Dan's View from Center Ice - 6/29/2012
Forty years ago, a team of legends from the USSR and another from Canada caused the hockey world to stop, stare, and shake its collective head in awe. There was nothing routine about it, from the fact that it was an eight-game series instead of a best-of-seven, to that it was played in September instead of May and June, and that it marked the first time that the Soviet and Canadian hockey cultures had ever collided at the very top level.
On Wednesday evening, some of the Russian legends came to Sharks Ice at San Jose to begin a commemorative tour of California with their former teammates, holding a clinic with some lucky young hockey players, and playing in an exhibition against a few former Sharks and Jr. Sharks coaches in a fundraiser for the Jr. Sharks Scholarship Fund.
The appearance of the Russians brought back all of the memories of that 1972 Summit Series, which was ironically called the “Friendship Series,” a name that was soon forgotten alongside the détente that inspired it. It was a series for the ages, and one that changed professional hockey forever.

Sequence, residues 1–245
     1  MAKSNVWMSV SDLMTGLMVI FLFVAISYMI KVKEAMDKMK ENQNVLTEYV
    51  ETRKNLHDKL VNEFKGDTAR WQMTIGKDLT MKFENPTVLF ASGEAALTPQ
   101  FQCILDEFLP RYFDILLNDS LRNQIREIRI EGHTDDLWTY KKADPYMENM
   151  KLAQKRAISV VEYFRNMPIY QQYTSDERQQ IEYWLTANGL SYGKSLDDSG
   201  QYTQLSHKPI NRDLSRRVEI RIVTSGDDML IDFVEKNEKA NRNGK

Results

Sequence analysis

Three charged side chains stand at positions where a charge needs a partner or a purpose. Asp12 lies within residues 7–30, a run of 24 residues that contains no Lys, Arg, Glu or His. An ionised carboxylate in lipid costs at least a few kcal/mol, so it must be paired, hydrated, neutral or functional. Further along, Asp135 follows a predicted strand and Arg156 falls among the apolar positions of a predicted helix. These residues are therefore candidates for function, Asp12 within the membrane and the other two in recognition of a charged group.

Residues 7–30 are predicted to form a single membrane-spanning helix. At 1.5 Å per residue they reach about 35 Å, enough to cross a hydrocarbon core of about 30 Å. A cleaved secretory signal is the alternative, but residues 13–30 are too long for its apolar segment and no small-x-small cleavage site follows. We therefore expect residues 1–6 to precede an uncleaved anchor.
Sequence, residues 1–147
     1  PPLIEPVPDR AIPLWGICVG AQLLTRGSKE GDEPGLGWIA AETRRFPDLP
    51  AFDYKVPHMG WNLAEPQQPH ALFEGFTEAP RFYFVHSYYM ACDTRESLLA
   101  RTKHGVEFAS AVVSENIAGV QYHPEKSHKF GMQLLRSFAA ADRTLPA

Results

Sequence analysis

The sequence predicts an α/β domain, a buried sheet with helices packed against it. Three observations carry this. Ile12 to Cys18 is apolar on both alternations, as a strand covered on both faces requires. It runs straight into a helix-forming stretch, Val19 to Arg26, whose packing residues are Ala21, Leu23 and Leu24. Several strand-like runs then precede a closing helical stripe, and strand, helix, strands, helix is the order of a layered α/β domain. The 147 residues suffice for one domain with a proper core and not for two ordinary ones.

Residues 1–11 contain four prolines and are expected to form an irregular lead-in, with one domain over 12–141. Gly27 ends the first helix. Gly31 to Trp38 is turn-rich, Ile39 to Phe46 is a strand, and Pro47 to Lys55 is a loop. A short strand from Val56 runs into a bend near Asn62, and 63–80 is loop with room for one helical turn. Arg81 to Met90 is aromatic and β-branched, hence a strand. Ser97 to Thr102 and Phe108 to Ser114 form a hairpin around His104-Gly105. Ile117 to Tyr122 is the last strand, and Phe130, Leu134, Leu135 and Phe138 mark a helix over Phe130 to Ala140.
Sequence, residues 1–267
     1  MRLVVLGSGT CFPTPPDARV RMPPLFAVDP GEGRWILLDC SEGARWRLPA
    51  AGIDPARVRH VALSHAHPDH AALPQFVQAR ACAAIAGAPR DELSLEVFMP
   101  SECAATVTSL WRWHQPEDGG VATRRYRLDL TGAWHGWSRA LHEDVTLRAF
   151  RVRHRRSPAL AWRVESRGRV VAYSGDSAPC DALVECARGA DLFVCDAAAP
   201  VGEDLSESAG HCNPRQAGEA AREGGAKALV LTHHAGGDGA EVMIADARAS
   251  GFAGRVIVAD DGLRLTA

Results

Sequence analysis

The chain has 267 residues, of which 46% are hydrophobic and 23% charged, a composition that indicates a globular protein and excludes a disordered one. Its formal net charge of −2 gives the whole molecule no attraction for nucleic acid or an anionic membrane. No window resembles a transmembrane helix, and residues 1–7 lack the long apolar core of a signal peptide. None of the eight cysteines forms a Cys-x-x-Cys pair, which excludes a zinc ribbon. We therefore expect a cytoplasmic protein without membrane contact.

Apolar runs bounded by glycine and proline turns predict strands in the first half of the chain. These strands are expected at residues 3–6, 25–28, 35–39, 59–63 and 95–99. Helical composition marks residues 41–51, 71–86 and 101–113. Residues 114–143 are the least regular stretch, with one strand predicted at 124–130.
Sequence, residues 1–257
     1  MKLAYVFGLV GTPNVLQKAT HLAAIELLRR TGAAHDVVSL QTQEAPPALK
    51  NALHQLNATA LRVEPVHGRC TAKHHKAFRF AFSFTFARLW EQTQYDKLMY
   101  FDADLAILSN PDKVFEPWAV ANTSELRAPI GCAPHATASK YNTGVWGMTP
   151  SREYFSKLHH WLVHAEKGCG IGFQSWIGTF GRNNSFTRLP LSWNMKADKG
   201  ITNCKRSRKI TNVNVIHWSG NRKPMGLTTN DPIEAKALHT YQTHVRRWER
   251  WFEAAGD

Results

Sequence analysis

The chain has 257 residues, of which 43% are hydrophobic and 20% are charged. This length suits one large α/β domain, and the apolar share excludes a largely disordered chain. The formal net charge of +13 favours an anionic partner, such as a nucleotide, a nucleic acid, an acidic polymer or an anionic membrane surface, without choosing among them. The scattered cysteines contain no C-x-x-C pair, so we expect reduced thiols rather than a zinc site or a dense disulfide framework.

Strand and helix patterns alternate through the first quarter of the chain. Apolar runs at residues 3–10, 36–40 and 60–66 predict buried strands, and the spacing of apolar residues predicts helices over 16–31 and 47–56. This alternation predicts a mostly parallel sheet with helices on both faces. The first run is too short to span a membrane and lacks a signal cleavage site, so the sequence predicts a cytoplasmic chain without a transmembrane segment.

Back in the halcyon years of the NHL, players showed up to training camp to do two things: (1) to negotiate their salaries for the season and (2) to get in shape after a relatively sedentary summer. The Russians trained 11 months of the year, were isolated from their families, and had virtually no freedom of choice.
There were many in the West who believed that the series would be a rout in favor of Canada. The Russians themselves noted the tremendous strength of the Canadian players, with powerful skating strides and shots. While noticing that the Russians had tremendous hand skills and were in superb condition, the Canadian scouts also noted that the Soviet starting goaltender, a young man named Vladislav Tretiak, was having trouble stopping the puck in several games prior to the beginning of the tournament. Canada’s Ken Dryden and Tony Esposito would be superior, they reasoned.
By the end of the first game, the Canadians knew that they were in for one tough battle. It began with Phil Esposito scoring in the first minute, and Canada taking a 2-0 lead. But the final score was the Soviet Union 7, and Canada 3, and an entire country was stunned from Glace Bay to Victoria.
By Game Three of the series, a 4-4 tie in Winnipeg, it was clear that Tretiak was as great a goaltender as any in the National Hockey League, and that the Soviet style of play was a formidable one against the still-conditioning NHL’ers. Then, at the end of Game Four in Vancouver, won by the Soviets, 5-3, Team Canada was booed unmercifully off the ice.